Inculcating humility is essential to spiritual growth. However, if one didn't encounter arrogance how would one recognise humility? To teach us humility we have the call centre cab drivers. They are easily recognisable by their battered white Qualises, Taveras and Innovas with yellow plates, usually bearing HR and UP numbers. Most of them also fashion their looks after Bollywood villains. Unmindful of minor irritants like traffic rules, they go haring around the city scraping cars, kerbs and anything else that comes in their way. They are true spiritual masters because they put the fear of God into people.

Immutable rules

Spiritual teaching is also imparted by three-wheeler drivers. Their chariots are painted green, because they drive on CNG, an eco friendly fuel. But their friendliness is limited to their colour. They also have a secret society with some immutable rules. One, you must not drive in one lane, always straddle two. Second, you must not allow anybody to overtake you. Three, you must turn around suddenly, and frequently, in the middle of the busiest road without first looking to see if there is any traffic behind you. Four, you must drive with only one hand (the one on the accelerator) and one foot, the other one is usually tucked under your bum (a new asana?). Five, you must overcharge. Six, thou shall resist going to the destination of the passenger. Seven, you must park three or four abreast on busy roads.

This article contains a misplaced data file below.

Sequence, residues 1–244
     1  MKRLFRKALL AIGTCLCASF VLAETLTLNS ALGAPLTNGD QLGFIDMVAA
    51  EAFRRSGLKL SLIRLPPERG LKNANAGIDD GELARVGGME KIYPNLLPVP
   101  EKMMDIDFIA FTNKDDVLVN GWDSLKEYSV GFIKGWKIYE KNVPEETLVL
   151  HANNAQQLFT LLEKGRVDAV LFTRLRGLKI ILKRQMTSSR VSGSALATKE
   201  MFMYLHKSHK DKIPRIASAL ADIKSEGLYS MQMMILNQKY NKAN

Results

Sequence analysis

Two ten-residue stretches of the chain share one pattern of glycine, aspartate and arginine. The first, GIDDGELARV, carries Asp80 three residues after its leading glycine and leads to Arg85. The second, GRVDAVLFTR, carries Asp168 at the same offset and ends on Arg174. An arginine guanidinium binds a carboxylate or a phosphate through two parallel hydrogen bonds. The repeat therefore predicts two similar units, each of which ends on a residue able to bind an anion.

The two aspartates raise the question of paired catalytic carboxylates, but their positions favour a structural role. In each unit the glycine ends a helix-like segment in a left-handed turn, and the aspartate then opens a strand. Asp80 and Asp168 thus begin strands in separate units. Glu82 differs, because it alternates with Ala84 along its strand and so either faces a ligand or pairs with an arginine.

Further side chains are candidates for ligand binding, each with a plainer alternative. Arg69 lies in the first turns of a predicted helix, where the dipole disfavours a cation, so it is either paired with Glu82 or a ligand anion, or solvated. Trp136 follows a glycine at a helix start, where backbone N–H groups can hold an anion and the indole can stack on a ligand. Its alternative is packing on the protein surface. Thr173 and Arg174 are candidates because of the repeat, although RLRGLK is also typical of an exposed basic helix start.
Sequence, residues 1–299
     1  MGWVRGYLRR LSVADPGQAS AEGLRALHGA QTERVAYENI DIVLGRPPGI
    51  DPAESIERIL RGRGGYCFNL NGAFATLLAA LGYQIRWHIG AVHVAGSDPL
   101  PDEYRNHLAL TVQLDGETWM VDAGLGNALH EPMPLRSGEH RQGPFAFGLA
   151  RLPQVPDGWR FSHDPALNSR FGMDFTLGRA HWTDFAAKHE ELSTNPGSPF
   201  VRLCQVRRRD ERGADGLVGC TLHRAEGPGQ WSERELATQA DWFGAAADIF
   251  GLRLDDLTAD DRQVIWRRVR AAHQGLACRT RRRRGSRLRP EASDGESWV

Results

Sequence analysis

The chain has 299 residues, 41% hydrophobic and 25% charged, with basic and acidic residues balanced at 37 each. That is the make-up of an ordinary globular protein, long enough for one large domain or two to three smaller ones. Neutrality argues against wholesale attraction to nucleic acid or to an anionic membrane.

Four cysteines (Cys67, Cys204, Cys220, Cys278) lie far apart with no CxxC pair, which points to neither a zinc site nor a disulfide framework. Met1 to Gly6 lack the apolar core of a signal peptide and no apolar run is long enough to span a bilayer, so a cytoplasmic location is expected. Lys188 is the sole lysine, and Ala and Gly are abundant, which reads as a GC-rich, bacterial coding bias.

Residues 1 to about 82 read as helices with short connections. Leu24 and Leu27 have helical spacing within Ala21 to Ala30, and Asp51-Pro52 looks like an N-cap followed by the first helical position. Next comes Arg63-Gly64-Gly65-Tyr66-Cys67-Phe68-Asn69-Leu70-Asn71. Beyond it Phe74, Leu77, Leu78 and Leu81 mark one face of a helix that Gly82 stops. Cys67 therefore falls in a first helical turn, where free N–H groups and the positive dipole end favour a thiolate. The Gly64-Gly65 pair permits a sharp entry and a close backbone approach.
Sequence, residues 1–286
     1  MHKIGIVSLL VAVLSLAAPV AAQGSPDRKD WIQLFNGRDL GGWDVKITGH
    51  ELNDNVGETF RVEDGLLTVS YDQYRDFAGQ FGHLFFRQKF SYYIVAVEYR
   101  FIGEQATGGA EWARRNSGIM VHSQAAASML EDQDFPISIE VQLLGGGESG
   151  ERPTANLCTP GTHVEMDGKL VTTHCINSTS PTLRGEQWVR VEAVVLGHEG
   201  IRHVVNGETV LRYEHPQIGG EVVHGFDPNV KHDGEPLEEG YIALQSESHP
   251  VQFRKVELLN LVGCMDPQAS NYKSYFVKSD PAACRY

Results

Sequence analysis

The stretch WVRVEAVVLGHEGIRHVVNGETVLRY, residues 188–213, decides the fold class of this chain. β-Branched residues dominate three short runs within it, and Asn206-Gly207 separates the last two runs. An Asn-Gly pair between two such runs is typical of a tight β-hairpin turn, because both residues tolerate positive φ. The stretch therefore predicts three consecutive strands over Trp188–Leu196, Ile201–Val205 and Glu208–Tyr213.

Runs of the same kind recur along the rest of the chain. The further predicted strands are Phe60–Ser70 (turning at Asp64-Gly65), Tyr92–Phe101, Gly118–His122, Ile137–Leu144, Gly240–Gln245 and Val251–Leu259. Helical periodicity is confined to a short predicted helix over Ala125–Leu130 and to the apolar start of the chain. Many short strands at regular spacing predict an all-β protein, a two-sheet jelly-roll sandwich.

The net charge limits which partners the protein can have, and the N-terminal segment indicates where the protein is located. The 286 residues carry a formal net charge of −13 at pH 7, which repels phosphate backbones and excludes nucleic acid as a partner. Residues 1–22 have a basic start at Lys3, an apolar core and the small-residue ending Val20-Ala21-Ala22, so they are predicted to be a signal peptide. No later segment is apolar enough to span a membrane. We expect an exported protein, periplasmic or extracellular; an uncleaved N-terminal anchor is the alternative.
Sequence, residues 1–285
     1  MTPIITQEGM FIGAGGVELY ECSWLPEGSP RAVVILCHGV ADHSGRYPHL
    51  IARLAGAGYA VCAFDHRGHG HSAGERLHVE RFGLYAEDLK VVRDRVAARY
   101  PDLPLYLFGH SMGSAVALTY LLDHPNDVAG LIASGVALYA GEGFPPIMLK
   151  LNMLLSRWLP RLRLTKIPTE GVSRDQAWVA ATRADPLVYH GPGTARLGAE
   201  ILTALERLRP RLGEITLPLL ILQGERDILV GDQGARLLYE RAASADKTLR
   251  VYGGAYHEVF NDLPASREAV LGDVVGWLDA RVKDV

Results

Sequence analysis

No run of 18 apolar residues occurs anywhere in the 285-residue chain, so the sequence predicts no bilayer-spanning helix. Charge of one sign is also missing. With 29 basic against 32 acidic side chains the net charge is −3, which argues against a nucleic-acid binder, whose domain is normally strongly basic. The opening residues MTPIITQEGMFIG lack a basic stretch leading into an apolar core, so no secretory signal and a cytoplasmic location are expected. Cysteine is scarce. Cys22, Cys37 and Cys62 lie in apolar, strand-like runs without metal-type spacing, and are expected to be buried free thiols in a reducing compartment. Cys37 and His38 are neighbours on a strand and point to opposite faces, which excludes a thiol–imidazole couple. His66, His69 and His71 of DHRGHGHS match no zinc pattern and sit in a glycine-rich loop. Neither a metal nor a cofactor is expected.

Their rear view mirrors are pointed inwards towards themselves: “Know thyself”, our scriptures remind us! Their ear-shattering engines, and blaring Bollywood music, drown out all other road sounds including the warning horns of other road users. Oblivious of everything except potential passengers, they believe that what they don't see does not exist. Woe betide anybody who comes in their way. They teach us serenity. God, grant me the serenity to accept the things I cannot change, courage to change the things I can, and the wisdom to know the difference.

Remember, all of God's creatures must have equal rights on earth. India has the largest cattle population in the world, and the second largest human population. Delhi's roads are the natural habitat of both. Being both social and spiritual, our neighbourhood cows have frequent conferences, meditation and cud-chewing sessions in the middle of the busiest roads. Occasionally a cow or a buffalo will step off the kerb, from behind a bush on the road divider, just as you are driving up. If your reflexes are not as good as Schumacher's then instead of spirituality you will attain divinity (heavenly abode). The second category of pedestrians, technically members of the species homo sapiens, are only distinguishable from the four legged variety by their physical features, not by their behaviour. Both species roam the roads freely in the midst of Kafkaesque traffic and believe that the date and time of death are preordained. That is the abiding lesson for the student of spirituality.